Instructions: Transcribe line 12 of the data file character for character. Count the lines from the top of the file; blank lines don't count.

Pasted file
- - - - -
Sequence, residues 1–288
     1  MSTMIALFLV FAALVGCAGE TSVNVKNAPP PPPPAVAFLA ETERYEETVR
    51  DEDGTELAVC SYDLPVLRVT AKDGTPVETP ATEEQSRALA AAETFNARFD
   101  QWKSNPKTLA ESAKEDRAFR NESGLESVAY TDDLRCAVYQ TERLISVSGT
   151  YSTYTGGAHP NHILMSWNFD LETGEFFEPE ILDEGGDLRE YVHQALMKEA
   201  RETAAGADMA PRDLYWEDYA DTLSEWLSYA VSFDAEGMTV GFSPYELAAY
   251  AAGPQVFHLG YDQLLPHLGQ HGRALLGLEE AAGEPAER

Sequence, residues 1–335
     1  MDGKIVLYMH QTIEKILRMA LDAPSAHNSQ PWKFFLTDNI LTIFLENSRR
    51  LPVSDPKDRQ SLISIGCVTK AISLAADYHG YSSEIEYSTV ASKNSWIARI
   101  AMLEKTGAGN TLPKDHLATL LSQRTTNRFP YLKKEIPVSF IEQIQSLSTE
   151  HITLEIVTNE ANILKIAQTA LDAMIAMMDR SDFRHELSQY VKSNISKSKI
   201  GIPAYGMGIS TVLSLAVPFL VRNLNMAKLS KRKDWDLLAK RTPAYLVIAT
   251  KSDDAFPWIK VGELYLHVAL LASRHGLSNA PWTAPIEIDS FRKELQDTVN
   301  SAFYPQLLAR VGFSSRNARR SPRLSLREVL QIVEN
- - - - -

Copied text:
   151  HITLEIVTNE ANILKIAQTA LDAMIAMMDR SDFRHELSQY VKSNISKSKI